Microsoft makes XP Media Center less exclusive

Microsoft makes XP Media Center less exclusive

Selling Windows XP Media Center Edition PCs will soon no longer be the exclusive domain of mostly large, multinational PC makers.

In an effort to boost sales of premium versions of Windows, Microsoft will make the superset of Window XP Professional Edition available also to the system builder channel. This means that white box makers -- the PC stores selling systems with no brand name -- will also be able to build and sell Media Center PCs.

"We've recognized that our work with Media Center going only through our large, predominantly multinational OEMs is something that we could actually take further if we were to directly engage the system builders channel," the head of Microsoft's Windows client business, Senior Vice President Will Poole, said in a presentation at the company's Worldwide Partner Conference.

Windows XP Media Center Edition PCs have proven quite popular, according to industry analysts. The systems come with a remote control, a TV tuner card and a large hard disk drive. Users can watch DVDs, manage digital audio, video and pictures, and play, pause and record live television, in addition to using the PC for traditional tasks such as word processing.

Because of the additional hardware and the expanded software, Media Center PCs typically are more expensive than standard PCs. The product was launched in late 2002 with the first systems sold by Hewlett-Packard Co. Today several big name PC makers, or OEMs (original equipment manufacturers) sell Media Center PCs.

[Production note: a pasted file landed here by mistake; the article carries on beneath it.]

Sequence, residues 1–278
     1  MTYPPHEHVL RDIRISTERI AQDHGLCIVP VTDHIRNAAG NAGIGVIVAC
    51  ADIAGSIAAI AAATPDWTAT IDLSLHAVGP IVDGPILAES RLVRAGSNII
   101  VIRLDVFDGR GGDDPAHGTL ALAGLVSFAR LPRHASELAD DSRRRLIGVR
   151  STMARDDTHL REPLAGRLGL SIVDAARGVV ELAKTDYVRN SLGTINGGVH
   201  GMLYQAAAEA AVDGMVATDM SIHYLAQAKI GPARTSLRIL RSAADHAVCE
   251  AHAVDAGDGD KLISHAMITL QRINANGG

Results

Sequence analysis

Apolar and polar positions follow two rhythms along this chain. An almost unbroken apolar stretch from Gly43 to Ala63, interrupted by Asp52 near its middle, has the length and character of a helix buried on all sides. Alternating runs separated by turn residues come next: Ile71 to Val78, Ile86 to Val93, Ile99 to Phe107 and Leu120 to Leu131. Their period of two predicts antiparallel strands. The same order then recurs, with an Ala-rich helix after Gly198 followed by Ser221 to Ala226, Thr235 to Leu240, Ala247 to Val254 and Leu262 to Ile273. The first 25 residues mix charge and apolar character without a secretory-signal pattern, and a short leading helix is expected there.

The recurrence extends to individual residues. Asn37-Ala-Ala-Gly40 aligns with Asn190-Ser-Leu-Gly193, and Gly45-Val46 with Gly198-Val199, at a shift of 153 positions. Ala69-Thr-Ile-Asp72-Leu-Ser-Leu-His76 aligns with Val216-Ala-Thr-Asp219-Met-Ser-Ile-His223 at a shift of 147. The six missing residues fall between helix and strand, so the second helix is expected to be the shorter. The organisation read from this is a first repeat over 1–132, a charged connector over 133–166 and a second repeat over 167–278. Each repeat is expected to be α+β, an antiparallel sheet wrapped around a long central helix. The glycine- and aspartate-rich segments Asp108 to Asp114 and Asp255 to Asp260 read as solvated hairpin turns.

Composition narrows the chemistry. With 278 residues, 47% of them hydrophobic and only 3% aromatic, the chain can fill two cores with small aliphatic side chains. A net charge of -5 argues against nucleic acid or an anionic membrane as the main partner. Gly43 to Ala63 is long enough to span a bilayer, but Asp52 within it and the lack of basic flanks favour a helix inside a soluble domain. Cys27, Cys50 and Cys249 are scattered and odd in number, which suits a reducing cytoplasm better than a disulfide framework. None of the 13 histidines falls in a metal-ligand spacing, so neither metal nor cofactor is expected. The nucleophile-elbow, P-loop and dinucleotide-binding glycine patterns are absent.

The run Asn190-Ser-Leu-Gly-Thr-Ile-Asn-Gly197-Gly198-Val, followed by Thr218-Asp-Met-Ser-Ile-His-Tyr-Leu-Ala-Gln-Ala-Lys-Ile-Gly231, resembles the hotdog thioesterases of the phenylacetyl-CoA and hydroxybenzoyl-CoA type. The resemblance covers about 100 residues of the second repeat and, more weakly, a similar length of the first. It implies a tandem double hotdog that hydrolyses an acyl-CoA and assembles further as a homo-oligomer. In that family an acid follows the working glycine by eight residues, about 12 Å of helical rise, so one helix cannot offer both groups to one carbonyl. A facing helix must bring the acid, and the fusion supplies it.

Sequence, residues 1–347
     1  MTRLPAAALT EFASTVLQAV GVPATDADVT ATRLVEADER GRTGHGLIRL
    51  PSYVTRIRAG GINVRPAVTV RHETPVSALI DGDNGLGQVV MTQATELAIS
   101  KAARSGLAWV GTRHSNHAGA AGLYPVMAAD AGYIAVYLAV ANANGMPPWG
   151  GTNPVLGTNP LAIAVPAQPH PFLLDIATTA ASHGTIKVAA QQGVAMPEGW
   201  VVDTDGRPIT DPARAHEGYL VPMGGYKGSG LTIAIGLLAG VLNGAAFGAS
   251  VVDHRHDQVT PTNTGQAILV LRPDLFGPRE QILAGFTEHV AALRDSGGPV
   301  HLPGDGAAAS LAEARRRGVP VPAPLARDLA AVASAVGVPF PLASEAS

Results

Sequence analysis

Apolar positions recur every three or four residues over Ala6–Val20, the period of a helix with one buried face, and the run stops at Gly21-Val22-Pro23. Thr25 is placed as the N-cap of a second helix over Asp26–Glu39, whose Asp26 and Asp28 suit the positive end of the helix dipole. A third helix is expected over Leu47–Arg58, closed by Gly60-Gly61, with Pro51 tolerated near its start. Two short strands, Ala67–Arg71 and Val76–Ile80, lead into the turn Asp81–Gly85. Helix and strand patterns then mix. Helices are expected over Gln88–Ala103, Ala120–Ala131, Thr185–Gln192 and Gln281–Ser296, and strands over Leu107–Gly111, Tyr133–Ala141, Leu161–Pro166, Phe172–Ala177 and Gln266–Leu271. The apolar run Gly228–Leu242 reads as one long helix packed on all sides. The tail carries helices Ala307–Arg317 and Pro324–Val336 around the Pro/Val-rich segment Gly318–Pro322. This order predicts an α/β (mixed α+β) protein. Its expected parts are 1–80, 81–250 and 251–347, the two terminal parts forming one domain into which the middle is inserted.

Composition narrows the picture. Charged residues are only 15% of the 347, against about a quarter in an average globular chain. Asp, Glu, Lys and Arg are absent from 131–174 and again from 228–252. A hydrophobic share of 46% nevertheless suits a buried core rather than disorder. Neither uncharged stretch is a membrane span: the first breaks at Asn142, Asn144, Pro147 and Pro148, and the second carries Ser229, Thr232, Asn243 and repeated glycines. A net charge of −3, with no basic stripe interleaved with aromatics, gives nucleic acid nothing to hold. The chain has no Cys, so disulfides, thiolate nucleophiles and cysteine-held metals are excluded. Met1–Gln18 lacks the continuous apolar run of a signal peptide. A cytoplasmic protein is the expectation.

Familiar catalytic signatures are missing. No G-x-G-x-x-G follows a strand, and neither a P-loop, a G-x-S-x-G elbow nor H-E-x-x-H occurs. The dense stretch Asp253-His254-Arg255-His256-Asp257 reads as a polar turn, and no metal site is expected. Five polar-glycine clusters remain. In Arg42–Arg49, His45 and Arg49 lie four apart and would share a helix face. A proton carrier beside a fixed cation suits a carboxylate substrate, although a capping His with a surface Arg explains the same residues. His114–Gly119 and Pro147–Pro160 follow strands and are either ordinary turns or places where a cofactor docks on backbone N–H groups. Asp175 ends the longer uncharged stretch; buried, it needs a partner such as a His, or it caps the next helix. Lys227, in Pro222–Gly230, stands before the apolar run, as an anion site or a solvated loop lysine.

Microsoft has partnered with ATI Technologies Inc. and Nvidia Corp. to create hardware bundles for system builders so they can quickly build Media Center PCs. Additionally, the Designed for Windows logo program will be expanded to include the Media Center software to make it easy to identify compatible hardware, Poole said.

Windows XP Media Center will be available for system builders to sell in the 13 countries the product has been customized for, which include the U.S., Canada, the U.K., France, Germany, China and Japan. The software is scheduled to be available to system builders in September, with the first consumer products expected to hit the market in October, Poole said.

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